ALBANY, N.Y.–Perhaps the nicest thing about attending the National Organization for Women’s 40th birthday event last weekend was that I didn’t have to pack a lot of fancy party clothes–the dress code was strictly old feminist. The mindset was of the same vintage. Though there was a “summit” for young feminists on Friday before the conference got under way in earnest (and I do mean earnest), most of the 700 women in attendance were no spring chickens. They were joined at the Crowne Plaza by a handful of hen-pecked, middle-age men, always touchingly eager to demonstrate their ardent sympathy.
Whereas younger feminists on college campuses are flocking to Eve Ensler’s hot-ticket play “The Vagina Monologues”–not mentioned over the course of the weekend, as far as I could tell, though Ms. Ensler is a past recipient of NOW’s coveted Woman of Courage Award–the exhibitors this year featured less frivolous fare: There was a stand for the socialist People’s Weekly World (successor of the Daily Worker), a midwifery booth (how I wish I hadn’t peered so closely at the frontal photo of a squatting woman welcoming a child into the world!) and a vendor of lesbian-themed quilts. New York Rep. Carolyn Maloney was the highest-ranking office-holder present. One might have thought that Sen. Hillary Clinton would show up–after all, Albany is her state capital–but she never did. Her office claimed that she had a scheduling conflict. I envy her.
Some gals are young at 40. Not NOW. It’s not that NOW is less radical than younger organizations–she isn’t. Every resolution was relentlessly hammered out until there was no possible way that LGBT people (LGBT stands for lesbian, gay, bisexual and transgender) could feel excluded; there was an “equal marriage” pretend-wedding reception with punch and cake. A resolution calling for an “independent” investigation of 9/11–you know, because all the other 9/11 investigations weren’t truly “independent”–was adopted.
Still, NOW felt just a bit tired. Whatever you think of the feminist movement–and I happen to deplore most of it–the women who got it started were forces of nature, interesting people with strong personalities. They seemed to be riding the wave of history (or “herstory,” as they called it). But now that the wave has crested, the current crop of NOW leaders seem less colorful than their foremothers. The issues are not new. I heard no interesting discussions, not one word of disagreement. In place of argument, there was only dogmatic insistence on inclusivity.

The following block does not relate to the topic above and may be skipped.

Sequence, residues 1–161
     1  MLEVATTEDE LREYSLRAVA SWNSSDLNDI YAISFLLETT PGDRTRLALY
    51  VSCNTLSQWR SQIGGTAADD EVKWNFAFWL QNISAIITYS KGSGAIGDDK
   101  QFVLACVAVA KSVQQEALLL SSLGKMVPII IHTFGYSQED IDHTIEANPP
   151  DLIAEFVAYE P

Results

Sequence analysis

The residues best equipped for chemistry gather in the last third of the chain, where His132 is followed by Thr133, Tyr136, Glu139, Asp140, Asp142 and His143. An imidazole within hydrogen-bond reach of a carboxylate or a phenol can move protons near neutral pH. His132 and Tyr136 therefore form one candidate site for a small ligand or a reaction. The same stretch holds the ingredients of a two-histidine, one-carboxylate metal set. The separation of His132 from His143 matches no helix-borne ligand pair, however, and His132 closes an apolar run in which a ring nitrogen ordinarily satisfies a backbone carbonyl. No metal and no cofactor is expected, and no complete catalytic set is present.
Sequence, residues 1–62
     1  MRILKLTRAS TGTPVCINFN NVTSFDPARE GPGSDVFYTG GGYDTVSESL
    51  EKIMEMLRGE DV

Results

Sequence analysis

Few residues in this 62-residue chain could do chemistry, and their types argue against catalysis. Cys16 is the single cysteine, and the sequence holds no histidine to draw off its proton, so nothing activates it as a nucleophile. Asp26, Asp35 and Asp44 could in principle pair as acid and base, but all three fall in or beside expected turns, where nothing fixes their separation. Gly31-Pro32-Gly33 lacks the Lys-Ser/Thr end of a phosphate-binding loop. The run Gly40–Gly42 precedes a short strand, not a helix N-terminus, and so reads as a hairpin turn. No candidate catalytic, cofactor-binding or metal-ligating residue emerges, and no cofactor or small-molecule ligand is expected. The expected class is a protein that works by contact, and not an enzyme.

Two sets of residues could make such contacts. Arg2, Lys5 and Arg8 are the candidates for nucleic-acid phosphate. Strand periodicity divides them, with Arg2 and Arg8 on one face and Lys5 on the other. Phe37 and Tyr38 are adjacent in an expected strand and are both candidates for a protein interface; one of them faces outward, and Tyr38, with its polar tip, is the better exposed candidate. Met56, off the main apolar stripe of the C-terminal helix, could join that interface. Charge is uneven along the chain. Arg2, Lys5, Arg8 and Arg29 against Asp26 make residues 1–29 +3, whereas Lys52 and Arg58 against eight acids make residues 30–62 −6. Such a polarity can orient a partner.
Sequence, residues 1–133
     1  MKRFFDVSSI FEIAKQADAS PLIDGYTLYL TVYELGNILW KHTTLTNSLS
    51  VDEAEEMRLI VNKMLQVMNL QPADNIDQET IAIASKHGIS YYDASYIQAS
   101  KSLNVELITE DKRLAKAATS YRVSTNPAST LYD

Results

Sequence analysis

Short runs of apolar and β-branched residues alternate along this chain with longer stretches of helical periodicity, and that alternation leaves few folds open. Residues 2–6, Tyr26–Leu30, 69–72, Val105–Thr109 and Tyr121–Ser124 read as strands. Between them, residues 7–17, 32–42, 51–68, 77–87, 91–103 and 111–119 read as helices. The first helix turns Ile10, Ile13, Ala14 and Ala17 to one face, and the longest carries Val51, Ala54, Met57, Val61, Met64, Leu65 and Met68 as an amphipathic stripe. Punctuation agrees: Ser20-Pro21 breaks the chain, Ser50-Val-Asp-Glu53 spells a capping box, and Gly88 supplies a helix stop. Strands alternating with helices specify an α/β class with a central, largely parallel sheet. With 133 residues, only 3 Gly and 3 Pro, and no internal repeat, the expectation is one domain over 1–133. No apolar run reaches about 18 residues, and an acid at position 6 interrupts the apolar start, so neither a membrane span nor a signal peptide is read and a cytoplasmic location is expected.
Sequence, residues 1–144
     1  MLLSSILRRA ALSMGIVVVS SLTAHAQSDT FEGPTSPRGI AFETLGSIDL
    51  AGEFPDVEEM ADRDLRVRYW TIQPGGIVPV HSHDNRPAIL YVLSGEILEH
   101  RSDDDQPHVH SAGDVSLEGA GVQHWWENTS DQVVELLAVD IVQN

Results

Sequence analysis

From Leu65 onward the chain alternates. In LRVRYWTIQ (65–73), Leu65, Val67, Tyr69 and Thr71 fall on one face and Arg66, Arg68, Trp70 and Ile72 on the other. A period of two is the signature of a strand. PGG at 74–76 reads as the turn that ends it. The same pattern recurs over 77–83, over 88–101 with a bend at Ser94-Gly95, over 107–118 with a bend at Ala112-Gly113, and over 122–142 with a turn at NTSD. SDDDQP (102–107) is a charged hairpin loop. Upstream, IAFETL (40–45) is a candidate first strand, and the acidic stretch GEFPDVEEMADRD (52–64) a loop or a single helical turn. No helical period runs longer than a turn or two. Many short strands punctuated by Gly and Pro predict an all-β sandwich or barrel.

The quality of the “breakout sessions” radiated tiredness. The panelists were often ill-prepared, their presentations disjointed. A session on Wal-Mart drew about 40 angry women and one angry man in a purple NOW T-shirt and matching shorts. I gleaned the startling information that the “merchant of shame”–i.e., Wal-Mart–“seeks to dominate the retail industry through customer acquisition.” That did sound nefarious! Wal-Mart’s health-insurance policies and pay scale were condemned, of course. And plans were begun to test its policy on the morning-after pill (a matter of ideological, if not actual, interest to many women at the conference). Later I asked a young woman sporting an “I Prefer Girls” button if Wal-Mart might be a good issue to bring new blood into NOW. She thought not. Young and less affluent women, she explained, rely on Wal-Mart’s low prices.